As part of our Accolade and EUTOPIA-SIF training programmes, I’m hosting a pair of workshop sessions next week.

The first on Tue 3rd May, is the return of the ever popular – Exchanges: Ask Me Anything session. As in previous iterations this is a freeform session, wherein I invite the audience to ask me pretty much anything about the Exchanges journal and related areas. Experience has shown half the questions tend to veer off into general topics of academic publication, but that’s fine as I’ll always be interested in a hearty discussion about that broader domain. Additionally, it’s a safe bet I will likely get up on my soapbox about the importance of early career scholars, open access and scholar-led, non-commercial journals disrupting the hegemonic commodified academic communications field.

Ahem. Or maybe this time will be a first and I won’t!

The second session, Thu 5th May, is the return of the Developing your Publication Strategy panel event. We ran this last in March 2021 and it was a very lively discussion. This time I’m joined by four panellists to answer questions, discuss comments and explore all aspects of their personal publication strategies, processes and experiences. The last running of this workshop was an excellent packed hour of discussions, and I’ve every hope this time will be much the same – even though it’s an all new panel!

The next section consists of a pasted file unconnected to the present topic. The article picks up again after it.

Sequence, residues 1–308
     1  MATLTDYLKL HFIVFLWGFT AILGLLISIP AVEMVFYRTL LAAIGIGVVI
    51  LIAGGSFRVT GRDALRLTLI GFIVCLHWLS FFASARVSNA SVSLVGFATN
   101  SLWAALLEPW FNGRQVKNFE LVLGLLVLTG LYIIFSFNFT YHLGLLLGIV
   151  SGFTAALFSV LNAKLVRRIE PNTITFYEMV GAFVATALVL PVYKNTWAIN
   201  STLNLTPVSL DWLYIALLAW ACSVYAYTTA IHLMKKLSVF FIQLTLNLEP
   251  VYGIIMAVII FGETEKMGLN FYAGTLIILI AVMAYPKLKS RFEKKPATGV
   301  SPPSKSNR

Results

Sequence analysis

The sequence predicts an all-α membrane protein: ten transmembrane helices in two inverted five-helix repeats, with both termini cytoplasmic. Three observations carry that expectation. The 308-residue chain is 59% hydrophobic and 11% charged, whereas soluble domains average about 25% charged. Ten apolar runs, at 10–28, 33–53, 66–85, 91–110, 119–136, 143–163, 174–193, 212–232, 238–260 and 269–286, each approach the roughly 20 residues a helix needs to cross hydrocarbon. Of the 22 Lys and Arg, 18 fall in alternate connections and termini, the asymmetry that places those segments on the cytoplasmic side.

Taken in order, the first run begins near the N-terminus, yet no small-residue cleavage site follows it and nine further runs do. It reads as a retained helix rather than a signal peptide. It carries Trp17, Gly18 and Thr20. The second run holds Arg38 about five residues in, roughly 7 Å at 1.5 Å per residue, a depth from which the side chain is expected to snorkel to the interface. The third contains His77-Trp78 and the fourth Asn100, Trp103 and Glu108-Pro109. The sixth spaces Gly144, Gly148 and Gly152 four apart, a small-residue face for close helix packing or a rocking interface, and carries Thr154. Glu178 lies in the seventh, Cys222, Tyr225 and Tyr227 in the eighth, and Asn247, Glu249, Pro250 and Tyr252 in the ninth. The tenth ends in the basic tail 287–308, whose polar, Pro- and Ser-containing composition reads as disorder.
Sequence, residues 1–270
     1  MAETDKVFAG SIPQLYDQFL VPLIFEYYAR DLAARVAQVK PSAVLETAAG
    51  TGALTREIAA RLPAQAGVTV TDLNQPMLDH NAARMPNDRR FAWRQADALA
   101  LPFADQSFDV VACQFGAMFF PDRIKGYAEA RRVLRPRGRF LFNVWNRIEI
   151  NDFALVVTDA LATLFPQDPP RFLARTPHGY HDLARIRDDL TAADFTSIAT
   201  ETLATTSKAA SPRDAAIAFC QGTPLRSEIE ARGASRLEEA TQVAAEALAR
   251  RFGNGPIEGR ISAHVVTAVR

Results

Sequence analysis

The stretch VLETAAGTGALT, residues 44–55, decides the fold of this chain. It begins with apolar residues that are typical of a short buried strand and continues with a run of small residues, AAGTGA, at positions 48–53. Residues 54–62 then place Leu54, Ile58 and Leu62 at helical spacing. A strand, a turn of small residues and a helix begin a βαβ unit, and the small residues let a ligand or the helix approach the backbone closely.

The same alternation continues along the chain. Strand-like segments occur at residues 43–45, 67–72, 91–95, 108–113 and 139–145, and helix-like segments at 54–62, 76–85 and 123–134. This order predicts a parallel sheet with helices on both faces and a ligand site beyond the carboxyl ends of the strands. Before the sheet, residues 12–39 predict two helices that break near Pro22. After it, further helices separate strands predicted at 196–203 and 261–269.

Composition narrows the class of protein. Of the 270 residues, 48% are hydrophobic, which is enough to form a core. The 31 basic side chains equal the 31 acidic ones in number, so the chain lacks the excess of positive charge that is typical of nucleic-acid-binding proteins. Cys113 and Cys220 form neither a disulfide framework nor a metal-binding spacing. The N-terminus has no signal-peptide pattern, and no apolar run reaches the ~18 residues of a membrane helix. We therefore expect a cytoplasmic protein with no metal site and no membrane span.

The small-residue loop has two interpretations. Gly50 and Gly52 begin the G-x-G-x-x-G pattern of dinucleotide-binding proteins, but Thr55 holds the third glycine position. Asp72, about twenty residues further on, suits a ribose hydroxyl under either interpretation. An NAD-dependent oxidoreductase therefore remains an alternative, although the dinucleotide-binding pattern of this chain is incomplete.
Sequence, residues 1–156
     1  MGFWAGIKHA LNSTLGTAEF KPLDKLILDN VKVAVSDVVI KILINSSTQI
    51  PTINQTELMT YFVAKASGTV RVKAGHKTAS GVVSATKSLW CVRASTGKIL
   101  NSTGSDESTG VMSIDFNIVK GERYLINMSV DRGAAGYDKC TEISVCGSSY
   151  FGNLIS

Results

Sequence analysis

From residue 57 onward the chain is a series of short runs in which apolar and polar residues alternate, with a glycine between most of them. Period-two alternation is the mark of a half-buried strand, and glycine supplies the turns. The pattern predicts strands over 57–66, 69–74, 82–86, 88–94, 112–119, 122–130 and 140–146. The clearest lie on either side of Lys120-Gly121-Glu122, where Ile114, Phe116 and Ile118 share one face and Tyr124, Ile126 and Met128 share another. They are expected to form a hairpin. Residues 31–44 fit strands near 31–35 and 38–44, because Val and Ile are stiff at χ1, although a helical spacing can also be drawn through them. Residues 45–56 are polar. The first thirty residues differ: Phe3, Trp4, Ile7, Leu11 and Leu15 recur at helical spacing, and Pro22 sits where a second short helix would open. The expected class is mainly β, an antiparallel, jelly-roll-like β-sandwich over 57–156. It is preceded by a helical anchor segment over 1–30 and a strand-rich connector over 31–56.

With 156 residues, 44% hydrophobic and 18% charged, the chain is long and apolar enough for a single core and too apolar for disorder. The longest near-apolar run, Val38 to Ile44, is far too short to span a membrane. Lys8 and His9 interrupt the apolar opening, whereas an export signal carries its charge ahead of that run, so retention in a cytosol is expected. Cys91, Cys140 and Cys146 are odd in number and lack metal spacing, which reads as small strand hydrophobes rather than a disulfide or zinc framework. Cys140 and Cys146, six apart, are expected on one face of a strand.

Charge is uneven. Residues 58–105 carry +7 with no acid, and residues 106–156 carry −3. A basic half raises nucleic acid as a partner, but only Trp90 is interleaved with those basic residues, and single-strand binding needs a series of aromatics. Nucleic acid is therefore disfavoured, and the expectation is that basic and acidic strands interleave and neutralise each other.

Now, cynics among you might notice that both these events require fairly light preparation on my part. That’s deliberate, as running the journal – especially around an issue launch – takes up a lot of my time. However, that doesn’t mean I won’t be bringing my customary showmanship and polished hosting skills to the fore on the day! I very much expect our audiences will have a highly informative and energised time.